Although the field of medieval studies is, thankfully, no longer as profoundly male-dominated as it once was, the difficulties faced by women medievalists remain substantial. As one fellow of the Medieval Institute writes of her own experience, “Right before I was scheduled to give a presentation on one of the chapters of my dissertation… a very senior male scholar in the field approached me and said, ‘I am prepared to be skeptical.’ Rightly or wrongly, I keep his words at the forefront of my mind every time I work on my research because the burden of proof still remains so much higher for scholars of medieval women than it is for scholars of medieval men.” Another comments on the “old boys” network that still predominates at many, perhaps most, institutions when it comes to hiring practices:
I know for a fact about the final round of hiring for a position at one of the world’s great universities, which took place about ten years ago. I was told by one of the people who sat on the committee and saw the files that one female scholar led in the written scholarship component, and another female scholar led in the mock–teaching component. Neither was hired– rather, an Old Boy, who had led in neither area, was. Moreover, his principal recommender was also the principal recommender of the female candidate whose written work had put her in the lead, and that recommender specifically ranked the female candidate above the male who got the job. This outcome is quite typical.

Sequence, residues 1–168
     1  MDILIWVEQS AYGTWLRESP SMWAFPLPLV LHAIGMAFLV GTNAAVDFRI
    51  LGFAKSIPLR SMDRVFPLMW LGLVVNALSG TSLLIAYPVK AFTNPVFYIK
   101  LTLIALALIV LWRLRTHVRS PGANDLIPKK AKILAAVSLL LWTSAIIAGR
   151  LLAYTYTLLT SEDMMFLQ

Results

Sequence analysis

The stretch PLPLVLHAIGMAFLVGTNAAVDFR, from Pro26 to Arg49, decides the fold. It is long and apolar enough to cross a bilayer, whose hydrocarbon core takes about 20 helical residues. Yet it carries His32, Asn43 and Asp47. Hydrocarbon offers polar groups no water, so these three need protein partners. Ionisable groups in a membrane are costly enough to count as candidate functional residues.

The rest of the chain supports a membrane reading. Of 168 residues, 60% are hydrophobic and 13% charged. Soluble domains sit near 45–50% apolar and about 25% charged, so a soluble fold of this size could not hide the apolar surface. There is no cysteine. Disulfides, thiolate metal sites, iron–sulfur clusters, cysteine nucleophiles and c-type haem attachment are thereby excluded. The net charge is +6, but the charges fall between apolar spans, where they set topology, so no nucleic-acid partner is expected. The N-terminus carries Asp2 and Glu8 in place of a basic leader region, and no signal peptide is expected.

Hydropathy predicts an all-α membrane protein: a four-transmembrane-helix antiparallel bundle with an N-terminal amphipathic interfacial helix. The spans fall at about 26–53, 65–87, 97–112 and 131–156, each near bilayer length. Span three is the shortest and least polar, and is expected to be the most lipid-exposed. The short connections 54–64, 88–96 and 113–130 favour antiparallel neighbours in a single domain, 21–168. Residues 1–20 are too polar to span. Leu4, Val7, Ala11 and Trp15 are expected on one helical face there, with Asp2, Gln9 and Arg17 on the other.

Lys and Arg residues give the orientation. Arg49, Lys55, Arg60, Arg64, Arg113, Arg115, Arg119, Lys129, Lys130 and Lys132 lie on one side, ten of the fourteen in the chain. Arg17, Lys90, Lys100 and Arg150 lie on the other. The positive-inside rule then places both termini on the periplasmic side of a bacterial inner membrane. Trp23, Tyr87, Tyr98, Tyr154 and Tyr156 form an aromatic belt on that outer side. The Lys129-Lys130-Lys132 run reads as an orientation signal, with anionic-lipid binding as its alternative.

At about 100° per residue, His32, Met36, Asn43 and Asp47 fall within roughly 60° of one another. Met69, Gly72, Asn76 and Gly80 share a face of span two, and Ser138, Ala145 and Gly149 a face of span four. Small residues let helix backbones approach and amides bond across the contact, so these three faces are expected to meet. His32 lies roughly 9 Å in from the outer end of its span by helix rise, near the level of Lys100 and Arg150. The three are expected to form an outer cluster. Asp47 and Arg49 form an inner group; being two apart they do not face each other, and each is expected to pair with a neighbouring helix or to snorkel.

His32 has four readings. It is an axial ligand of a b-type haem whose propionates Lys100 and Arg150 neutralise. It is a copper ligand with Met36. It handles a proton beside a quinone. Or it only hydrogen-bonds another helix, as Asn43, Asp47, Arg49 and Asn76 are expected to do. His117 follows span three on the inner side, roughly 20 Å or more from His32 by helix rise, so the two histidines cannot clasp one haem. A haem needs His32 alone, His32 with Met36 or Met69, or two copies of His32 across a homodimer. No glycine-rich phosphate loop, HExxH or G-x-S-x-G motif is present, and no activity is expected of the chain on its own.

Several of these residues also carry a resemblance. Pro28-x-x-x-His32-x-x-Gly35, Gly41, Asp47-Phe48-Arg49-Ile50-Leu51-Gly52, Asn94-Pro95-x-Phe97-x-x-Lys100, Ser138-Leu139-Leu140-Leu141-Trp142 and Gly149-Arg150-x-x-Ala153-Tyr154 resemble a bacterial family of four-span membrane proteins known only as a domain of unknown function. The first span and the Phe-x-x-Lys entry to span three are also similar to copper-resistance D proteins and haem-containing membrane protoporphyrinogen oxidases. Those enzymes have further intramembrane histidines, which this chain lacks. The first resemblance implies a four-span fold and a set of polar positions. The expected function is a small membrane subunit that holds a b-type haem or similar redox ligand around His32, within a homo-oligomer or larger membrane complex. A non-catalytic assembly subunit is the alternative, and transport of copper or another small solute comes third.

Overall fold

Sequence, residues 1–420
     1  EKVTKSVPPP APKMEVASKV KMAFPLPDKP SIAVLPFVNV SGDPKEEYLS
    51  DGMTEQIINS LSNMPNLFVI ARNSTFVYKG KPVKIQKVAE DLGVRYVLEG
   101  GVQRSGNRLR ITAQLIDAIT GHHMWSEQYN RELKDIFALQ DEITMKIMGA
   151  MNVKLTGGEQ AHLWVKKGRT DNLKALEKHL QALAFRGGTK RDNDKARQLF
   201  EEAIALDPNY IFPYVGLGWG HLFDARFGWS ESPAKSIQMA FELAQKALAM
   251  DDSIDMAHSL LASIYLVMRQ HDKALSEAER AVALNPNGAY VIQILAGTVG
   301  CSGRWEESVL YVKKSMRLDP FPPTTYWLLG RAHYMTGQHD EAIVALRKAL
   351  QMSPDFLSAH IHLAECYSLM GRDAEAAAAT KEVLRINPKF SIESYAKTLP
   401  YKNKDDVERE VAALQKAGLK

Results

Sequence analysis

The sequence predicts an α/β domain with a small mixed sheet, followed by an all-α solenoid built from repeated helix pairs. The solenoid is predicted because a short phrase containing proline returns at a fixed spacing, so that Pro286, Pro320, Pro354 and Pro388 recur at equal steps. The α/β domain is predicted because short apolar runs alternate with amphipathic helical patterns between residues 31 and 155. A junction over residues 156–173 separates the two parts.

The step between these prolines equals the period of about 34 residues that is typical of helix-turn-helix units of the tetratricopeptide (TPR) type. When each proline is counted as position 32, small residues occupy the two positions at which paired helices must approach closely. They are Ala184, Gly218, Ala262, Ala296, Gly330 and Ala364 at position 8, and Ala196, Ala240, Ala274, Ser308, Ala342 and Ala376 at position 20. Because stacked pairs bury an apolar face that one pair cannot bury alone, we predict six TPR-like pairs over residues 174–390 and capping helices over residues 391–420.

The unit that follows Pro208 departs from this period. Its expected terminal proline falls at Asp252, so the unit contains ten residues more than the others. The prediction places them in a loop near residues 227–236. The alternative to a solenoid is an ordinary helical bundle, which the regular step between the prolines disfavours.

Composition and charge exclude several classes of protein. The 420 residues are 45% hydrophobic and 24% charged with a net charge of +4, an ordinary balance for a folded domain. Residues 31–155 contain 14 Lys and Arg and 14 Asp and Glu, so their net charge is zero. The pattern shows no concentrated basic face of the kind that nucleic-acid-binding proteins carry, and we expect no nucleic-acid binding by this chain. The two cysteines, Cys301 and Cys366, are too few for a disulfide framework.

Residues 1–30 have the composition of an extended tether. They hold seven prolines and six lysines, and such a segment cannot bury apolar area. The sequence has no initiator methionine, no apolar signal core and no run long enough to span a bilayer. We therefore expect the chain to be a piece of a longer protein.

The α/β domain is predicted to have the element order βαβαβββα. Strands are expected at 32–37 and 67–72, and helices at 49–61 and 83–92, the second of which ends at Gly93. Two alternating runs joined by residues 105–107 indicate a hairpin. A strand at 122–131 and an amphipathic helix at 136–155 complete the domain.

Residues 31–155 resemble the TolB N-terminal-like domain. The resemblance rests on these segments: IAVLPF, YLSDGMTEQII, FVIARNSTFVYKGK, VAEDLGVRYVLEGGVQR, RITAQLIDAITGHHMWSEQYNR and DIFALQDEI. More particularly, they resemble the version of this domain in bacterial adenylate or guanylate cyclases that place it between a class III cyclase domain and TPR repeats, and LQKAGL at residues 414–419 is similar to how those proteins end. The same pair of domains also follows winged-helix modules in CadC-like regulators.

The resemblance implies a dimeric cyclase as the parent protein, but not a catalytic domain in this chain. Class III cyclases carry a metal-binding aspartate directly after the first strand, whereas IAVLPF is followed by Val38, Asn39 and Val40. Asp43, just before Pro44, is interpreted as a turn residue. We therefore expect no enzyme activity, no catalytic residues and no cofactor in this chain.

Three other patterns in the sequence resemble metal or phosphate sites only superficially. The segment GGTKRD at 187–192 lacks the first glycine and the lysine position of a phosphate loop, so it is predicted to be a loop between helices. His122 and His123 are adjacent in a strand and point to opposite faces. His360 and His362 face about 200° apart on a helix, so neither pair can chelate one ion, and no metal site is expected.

This “skepticism” and, at times, outright opposition to the inclusion of women within the academy may be less prevalent today, but it remains all too common. It also exists alongside other, no less formidable, barriers that many women face in pursuing an academic career. Unforgiving deadlines are hardwired into the academic system both in the US and abroad. Deviations from the standard progression are seldom tolerated, and monitoring begins during one’s undergraduate studies. For all academics, this often requires a dedication bordering on fanaticism, to the exclusion of all other interests, be they hobbies, personal relationships, or the interests of family. This last falls especially hard on women, whose graduate studies and early career, generally the highest-pressure phase for academics, coincides with the period of life in which most people so-disposed start families of their own. Such difficulties are only magnified for Women of Color and for those from less-privileged backgrounds. As one MI fellow comments: